Businesses tap other revenue streams as cash flow from oilsands slows

Oilfield service companies in Nisku, south of Edmonton, that have for years relied on the flow of money from the oilsands are now investing in other industries to keep the cash flowing.

Reliable Welding has designed and installed equipment for companies for two decades. It has seen a 40 per cent drop in oil field work.

“Diversifying is the key,” said Reliable Welding general manager, Matt Menasse. Instead of focusing on equipment for the oilsands, Manasse said his company is also making structural beams for companies not related to the oil industry.

“Moving forward and diversifying with structural pilings is filling the void for the time being,” he said.

Reliable Welding has laid off six staff since the price of oil tanked and has readjusted the number of hours for its remaining employees.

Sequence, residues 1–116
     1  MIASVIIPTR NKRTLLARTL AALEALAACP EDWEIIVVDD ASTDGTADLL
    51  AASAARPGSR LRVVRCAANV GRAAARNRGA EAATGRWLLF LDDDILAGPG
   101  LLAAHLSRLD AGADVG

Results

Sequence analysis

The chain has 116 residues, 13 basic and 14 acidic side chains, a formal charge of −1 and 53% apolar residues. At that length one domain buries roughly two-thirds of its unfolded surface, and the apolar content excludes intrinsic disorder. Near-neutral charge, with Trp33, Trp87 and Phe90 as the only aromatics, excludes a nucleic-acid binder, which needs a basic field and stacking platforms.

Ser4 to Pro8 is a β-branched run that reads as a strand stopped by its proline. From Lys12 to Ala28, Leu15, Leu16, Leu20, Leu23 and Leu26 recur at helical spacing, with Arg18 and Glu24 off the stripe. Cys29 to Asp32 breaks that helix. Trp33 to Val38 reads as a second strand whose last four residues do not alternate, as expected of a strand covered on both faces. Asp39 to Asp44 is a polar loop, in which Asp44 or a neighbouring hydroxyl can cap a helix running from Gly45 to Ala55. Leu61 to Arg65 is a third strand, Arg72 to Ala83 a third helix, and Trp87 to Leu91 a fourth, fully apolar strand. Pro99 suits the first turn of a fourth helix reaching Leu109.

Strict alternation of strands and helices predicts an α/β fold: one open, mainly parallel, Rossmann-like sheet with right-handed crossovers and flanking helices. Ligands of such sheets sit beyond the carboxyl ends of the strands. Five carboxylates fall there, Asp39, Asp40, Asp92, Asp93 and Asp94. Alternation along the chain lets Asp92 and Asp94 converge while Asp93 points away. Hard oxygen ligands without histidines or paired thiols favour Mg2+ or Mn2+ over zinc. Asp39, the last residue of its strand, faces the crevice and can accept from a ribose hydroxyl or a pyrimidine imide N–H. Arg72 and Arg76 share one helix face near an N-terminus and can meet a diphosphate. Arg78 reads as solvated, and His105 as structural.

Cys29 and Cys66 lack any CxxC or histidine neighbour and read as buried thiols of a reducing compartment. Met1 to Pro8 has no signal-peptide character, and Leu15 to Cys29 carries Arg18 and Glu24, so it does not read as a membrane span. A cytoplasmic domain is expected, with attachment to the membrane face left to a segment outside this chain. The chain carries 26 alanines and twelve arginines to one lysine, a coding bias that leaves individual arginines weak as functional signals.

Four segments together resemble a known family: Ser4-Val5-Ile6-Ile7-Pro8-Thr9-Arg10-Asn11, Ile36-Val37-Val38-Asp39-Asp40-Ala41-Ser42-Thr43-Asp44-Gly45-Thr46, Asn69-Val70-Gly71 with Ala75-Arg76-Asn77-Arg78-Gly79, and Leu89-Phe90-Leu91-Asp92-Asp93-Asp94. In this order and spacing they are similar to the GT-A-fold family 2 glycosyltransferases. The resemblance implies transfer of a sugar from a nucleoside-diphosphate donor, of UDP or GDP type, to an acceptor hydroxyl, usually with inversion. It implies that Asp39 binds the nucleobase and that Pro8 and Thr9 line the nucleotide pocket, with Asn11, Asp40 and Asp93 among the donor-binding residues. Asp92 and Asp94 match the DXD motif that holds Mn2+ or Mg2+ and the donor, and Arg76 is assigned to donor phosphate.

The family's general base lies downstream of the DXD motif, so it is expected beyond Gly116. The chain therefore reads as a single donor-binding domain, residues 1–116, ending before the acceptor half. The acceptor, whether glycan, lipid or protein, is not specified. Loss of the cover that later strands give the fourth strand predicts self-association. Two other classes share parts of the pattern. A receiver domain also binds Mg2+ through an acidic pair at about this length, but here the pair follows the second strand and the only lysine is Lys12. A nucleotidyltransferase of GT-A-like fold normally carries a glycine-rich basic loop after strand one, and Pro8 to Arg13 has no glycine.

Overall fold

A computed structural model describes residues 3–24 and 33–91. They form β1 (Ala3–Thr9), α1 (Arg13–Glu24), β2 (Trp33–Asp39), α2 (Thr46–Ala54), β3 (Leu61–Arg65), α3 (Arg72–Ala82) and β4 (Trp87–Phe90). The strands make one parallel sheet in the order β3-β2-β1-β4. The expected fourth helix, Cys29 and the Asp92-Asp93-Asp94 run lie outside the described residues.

“Instead of having guys on 10 or 12 hour shifts now we’re down to 8 hour shifts, it’s a little bit more of a normal life style,” said Menasse, adding that it’s a lifestyle many Albertans aren’t used to.

The loss of hours is being watched by unions, including the Alberta regional council of carpenters and allied workers that represents 9-thousand workers, many of whom rely on work from the oilsands.

“We will inevitably become more innovative and creative because as owners see cost savings it’s not something that’s going to go away when the oil price returns, said Martyn Piper, the executive secretary-treasurer of the council. “I think we can all learn something from this.”

Shares in Canadian energy companies are down about 40 per cent from their peak in 2014. 



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